what causes CH? well, there are two kinds of CH- permanent( the most common) and transient. permanent CH is most commonly caused by a defective or abnormal development of the thyroid gland( also known as dysgenesis) about 10% of babies with CH can not synthesize or secret thyroid hormone. there may also be pituitary or hypothalamus problems.

in transient CH, the causes may be insufficient intake of iodine by the mother, TSH receptor blocking antibodies in a pregnant woman who has an autoimmune thyroid disease, or if the mother takes antithyroid drugs( if she is hyperthyroid) while pregnant.

the standard of practice, now anyway, is to treat the infant until he/she is about 3 years of age. at that time, the thyroid hormone can be stopped or tapered down, and a scan can be performed to determine the state of the thyroid gland. if it is discovered that the child's thyroid gland is ectopic or absent, then a diagnosis of permanent CH is established, and the child will be treated for hypothyroidism for life.

it is important to understand that while more serious childhood diseases certainly occur, CH must be treated early, taken seriously by parents and health care providers, treated adequately, and monitored closely. having your first  baby, having to have a c-section delivery and finding out that your baby has CH has been quite challenging for my daughter as it would be for anyone! but i am so proud of my daughter and son-in-law for the way they have dealt with this issue and for the love and care that they give to my grandson every single day. being informed is always important for good health/good outcomes. my daughter found a website, recommended by our endocrinologist, which is written by a woman who has two sons- BOTH with CH! what are the odds of that happening? this woman writes intelligently, honestly and provides good information. she has met with my daughter ( oddly enough they only live about 15 minutes apart) and was able to answer some of her questions. my daughter was able to see that her sons are intelligent, functioning children and that was very reassuring. if anyone is interested, i can message you the website on infants/children with CH.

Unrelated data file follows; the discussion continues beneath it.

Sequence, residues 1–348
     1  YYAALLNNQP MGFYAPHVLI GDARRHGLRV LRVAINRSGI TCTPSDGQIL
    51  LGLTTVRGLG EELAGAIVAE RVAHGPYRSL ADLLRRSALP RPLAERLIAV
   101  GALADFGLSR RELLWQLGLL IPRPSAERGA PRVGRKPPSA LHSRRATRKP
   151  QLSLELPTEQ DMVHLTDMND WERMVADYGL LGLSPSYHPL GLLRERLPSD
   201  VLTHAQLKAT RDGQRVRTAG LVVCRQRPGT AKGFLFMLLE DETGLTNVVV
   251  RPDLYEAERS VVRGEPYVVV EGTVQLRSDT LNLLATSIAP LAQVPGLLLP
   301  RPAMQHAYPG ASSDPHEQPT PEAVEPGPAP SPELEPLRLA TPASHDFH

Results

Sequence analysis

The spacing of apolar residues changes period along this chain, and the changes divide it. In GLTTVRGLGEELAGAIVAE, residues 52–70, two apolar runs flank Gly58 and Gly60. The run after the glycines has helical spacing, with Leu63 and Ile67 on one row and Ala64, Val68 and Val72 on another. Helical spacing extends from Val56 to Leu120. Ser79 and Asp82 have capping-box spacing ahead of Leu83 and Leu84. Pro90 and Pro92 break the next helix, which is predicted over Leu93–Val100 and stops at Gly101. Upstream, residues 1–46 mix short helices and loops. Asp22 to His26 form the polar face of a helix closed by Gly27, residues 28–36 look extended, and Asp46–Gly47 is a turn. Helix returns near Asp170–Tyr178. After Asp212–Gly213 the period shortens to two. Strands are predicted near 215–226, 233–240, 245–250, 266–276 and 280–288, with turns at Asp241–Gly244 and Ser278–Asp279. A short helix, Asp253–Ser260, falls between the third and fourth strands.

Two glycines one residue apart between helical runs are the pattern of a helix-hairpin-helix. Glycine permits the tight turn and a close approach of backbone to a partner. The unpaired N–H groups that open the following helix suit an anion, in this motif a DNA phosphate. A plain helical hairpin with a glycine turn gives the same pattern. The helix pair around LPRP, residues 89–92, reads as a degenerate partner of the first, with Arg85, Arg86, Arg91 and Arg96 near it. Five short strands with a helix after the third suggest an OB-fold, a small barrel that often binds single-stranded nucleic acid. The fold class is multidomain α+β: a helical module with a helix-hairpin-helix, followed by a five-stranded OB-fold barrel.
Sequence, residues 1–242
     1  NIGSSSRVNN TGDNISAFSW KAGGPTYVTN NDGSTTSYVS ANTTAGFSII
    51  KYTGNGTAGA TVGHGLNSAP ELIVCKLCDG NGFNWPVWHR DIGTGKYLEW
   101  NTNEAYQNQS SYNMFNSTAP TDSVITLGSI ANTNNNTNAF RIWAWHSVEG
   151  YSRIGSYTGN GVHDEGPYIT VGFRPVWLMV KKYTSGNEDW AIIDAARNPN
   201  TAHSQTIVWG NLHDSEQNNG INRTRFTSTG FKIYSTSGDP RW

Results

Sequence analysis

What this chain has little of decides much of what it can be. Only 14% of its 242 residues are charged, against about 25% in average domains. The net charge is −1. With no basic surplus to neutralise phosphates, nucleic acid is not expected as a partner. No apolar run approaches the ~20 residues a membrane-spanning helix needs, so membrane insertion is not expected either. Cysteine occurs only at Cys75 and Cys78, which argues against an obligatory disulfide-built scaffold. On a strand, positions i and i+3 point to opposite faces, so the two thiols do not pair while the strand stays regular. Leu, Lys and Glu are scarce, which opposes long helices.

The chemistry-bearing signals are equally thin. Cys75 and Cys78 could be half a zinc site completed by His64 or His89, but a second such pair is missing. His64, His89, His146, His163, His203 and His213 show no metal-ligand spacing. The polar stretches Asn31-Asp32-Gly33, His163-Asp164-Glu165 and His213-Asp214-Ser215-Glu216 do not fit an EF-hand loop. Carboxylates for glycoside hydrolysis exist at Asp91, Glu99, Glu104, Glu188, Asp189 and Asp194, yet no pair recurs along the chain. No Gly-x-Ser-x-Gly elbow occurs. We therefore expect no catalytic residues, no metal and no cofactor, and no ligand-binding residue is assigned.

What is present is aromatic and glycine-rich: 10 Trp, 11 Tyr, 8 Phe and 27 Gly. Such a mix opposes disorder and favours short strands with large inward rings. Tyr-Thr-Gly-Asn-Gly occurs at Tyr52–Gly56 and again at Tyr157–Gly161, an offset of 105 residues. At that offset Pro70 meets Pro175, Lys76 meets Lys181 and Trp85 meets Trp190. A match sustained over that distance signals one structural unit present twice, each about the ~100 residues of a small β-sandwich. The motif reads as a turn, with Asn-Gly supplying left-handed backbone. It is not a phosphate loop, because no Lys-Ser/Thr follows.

Sunday, October 13, 2013

the results blog, or what i have found out since my last six months round of tests........

as previously mentioned in other blogs, i have had  thyroglobulin  antibodies. this made  my blood work pretty useless. why? to refresh, the antibodies can cause false NEGATIVE results. this means while you may want to party, your body is  saying, " hey, wait a minute!" my first blood work, right after my surgery, RAI, etc, showed that i had thyroglobulin ( not good- only thyroid cells make thyroglobulin, and if your whole thyroid is gone,technically the only cells that can make this now are thyroid cancer cells) AND  i had thyroglobulin antibodies.

my next six month blood work showed that the thyroglobulin had packed up and moved out of town, hopefully, but the antibodies were still hanging around. even though my ultrasounds- which i have every six months as well- showed no monsters  growing in my neck area, i was still concerned that there was thyroglobulin somewhere in my body, and the antibodies were covering for them. this pattern continued UNTIL this time! finally, after three years of worry, my antibodies are negative! oh happy day :0  . truly, i feel that for the first time since i have started my thyroid journey, i can put some of this behind me.

my endocrinologist's nurse gave me a copy of my labs from the previous week ( i always request a copy for my records) while i was waiting on my doctor to come into the exam room. the nurse had the biggest smile on her face when she handed them to me. she did not say anything, just turned and left. i thought this was odd. first, i am a pain in the butt patient- i ask a lot of questions,etc, so i do not think she likes me very much, boo hoo. secondly, well, this nurse does not smile very much. at any rate, i started going over the values- here is a recap for those who are interested: